That was for openers, and the next 45 minutes didn't get any more promising. My wife lost her appetite; I was speechless. "I got my own problems," he went on. He clearly had Parkinson's and showed us the patient bracelet that confirmed that he had surgery earlier in the week. He also had the surliest attitude I've ever seen a man display toward his wife. We gathered that they had been separated for awhile, while she tended her dying sister, their closest relative. The sister died a month earlier. "I couldn't see her on the street," he conceded, "Plus she owns half the house, so she's back." Isn't that precious? His sneering hostility made Archie Bunker seem like Gomer Pyle.
He got to the heart of his beef soon enough, telling us about the time in the not-too-distant past when she was so sick that a priest gave her absolution. "You'd think getting absolution would make you think you're getting a fresh start," he told us. "But not her. She just kept eating and drinking the things she's not supposed to." He turned to her. "You brought this on yourself. You want me to tell them more? They won't like it."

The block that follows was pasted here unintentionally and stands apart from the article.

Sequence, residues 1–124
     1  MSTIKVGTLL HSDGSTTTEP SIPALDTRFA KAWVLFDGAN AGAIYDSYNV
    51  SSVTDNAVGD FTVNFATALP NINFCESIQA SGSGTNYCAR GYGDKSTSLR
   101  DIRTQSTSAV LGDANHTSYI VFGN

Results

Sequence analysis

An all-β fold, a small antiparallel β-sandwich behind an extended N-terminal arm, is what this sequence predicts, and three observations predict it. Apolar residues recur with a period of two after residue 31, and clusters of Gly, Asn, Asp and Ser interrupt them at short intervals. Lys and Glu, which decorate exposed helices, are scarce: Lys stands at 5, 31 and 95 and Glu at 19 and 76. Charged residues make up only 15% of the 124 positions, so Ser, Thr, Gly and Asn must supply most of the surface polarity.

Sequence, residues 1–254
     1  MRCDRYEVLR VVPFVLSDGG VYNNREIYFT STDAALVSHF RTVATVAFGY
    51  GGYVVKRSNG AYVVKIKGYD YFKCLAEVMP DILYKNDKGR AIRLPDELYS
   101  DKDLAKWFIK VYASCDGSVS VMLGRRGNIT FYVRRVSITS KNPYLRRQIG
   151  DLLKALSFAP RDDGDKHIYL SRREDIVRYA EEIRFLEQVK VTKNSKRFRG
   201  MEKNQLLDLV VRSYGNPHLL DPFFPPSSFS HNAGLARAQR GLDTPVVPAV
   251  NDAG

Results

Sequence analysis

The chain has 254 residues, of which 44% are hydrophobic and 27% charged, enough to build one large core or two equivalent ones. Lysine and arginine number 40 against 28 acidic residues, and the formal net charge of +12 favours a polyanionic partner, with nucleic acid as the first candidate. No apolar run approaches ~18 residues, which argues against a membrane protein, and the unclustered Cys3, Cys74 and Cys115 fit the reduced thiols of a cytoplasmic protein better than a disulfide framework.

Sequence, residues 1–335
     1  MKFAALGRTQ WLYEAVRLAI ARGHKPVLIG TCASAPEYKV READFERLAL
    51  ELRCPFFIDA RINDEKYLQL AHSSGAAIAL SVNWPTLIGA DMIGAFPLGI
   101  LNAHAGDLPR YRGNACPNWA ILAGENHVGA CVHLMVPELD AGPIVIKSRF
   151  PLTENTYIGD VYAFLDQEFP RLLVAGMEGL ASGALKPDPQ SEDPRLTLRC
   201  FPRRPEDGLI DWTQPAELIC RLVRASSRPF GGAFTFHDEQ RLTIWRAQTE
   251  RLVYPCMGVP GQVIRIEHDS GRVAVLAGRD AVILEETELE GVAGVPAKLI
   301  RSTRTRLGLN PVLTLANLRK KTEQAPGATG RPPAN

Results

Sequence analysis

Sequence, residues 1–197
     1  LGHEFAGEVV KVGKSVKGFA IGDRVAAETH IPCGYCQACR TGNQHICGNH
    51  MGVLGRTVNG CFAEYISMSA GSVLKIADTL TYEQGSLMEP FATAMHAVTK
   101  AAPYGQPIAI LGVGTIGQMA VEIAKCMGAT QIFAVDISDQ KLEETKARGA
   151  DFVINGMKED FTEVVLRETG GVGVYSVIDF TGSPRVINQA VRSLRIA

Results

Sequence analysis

We already didn't like it. He pointed to a stain on her sweater and bragged about how she was eating something and wouldn't shut up, just kept yapping and yaddaing until he bopped her (or the food) lightly enough to send the food flying onto her clothing. Nice. We tried for awhile to give them something positive to take into the surgery. She was scared of the whole thing but knew she had to have it done and was ready. He was adamantly opposed to her and anything she wanted to do. He had his own problems. My wife and I gave each other WTF looks but decided to hold our tongues, first because it wouldn't change anything and second because we have better things to do with our energy. We left there shaking our heads, having met our match in that obstinate bastard.
Here's the kicker. It came midway through lunch, after he did the absolution riff and quizzed my wife on her attendance record at Mass. Ed turned to me and asked, "are you Jewish?" "Yes," I replied. He turned to Edna and nudged her shoulder. "I told ya!" he said.
Good luck, Edna.